Think Link

Think Link was a precursor to Dispute Finder. Like Dispute Finder Think Link has a browser extension that highlights snippets that make disputed claims.

Differences between Think Link and Dispute Finder

The key differences between Think Link and Dispute Finder are:

  • Dispute Finder uses a simpler interface which is less powerful, but more approachable
  • Dispute Finder removes much of the argumentation features in Think Link, and instead focusses on marking disputed claims
  • Think Link did not distinguish between a snippet that was "evidence" for/against a claim and a snippet that was an "instance" of that claim

The Aim of Think Link

Think Link is a tool that helps users know when information they read on the web is disputed. As a user browses the web, Think Link highlights snippets of text that make claims that users have identified as contentious. If a user clicks on a highlighted snippet, Think Link displays an argument graph showing the best evidence for and against the claim the snippet is making.

Users provide all of Think Link's information: they create new claims, mark new snippets, connect snippets to claims, and vote for the best evidence.

This page gives a simple overview of Think Link. To learn about Think Link in detail, look at the Publications, or the Videos.

Usage Scenarios

Think Link is designed to support two primary usage scenarios:

  • Activists care strongly about a particular issue and combine Think Link with a search engine to find and mark snippets that make claims that they disagree with
  • Sceptical Readers install Think Link as a browser extension to see when statements they read are disputed and find other sources that present alternative viewpoints.

Browsing the Disputed Web

If a sceptical reader has installed the Think Link browser extension, Think Link will draw attention to snippets that make or imply disputed claims by highlighting them in red. If a user hovers their mouse over a highlighted snippet then Think Link displays a tooltip giving the disputed claim. Clicking on a highlighted snippet reveals a visualization showing the best evidence for and against the claim, as determined by the user community.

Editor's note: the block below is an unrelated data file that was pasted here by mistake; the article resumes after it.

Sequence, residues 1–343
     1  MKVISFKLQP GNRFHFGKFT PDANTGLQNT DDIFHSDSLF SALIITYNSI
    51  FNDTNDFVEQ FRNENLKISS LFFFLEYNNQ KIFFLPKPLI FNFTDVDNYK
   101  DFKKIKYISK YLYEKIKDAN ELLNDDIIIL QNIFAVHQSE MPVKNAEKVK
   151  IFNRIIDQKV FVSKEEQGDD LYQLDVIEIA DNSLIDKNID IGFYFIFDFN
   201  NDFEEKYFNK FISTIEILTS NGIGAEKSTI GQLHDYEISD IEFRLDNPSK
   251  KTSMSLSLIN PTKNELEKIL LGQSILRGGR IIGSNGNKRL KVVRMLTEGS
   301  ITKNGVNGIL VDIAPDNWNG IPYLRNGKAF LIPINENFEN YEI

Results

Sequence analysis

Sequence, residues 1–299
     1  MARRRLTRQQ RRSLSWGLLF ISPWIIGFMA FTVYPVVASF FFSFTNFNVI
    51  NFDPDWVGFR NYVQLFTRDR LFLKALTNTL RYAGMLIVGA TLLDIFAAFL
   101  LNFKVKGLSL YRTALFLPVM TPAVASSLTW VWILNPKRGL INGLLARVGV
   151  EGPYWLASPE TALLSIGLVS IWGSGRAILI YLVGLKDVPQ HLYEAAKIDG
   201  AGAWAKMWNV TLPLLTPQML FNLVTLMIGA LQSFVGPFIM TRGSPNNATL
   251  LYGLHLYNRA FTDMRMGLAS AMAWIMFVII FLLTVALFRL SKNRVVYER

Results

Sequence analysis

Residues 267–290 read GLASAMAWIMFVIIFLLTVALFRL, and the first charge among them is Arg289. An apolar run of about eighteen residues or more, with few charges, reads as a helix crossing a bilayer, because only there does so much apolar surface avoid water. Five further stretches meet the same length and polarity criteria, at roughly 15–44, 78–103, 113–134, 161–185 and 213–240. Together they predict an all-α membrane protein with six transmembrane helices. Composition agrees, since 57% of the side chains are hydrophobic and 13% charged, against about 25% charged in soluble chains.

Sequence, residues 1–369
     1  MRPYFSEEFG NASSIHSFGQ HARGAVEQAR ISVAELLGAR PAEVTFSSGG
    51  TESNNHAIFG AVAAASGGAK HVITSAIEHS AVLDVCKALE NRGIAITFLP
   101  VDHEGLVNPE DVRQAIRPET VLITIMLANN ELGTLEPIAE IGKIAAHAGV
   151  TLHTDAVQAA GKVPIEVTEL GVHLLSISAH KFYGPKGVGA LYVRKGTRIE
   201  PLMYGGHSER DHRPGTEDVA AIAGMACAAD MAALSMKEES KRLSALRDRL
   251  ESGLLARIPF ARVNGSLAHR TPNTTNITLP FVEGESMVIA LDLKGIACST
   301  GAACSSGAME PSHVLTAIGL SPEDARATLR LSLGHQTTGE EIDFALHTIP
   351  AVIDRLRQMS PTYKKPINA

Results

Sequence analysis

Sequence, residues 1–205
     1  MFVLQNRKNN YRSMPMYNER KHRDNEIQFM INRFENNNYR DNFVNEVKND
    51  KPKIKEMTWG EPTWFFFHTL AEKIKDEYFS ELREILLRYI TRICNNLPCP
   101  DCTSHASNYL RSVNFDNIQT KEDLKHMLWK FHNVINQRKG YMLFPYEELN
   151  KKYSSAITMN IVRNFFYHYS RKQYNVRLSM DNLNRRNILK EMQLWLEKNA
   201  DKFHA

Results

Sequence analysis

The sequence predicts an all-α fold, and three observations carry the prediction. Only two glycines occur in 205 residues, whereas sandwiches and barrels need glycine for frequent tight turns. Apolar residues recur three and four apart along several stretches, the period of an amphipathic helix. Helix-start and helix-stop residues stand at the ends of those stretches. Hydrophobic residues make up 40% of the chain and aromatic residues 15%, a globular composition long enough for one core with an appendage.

Since the purpose of a highlight is to alert the user to claims that they had not realized were contentious, there is little benefit in highlighting snippets that make claims that the user already realizes are contentious. A user can click the "don't highlight this claim again" button to tell Think Link that they are aware of the contentious nature of this claim and do not wish to be alerted about it again.

Normally Think Link will only highlight snippets that make disputed claims that the user has not asked to ignore, and snippets marked by the user themselves. If the user wants to see all snippets on a page then they can do so by opening the Think Link sidebar.

The Argument Graph

Once a sceptical reader has identified a claim that they are interested in, they can use Think Link's claim browser interface to investigate the evidence for and against it, and to see what other contentious claims have been made about related issues.

The Claim Browser consists of an expanding horizontal array of panels where each panel provides information about the item that is selected in the panel to its left. If a user clicks on a link in a panel then a new panel opens to the right giving more information about the linked node. To emphasize the connection between the panels, the claim browser places an arrow next to each selected item, pointing to the panel that gives more information about that item.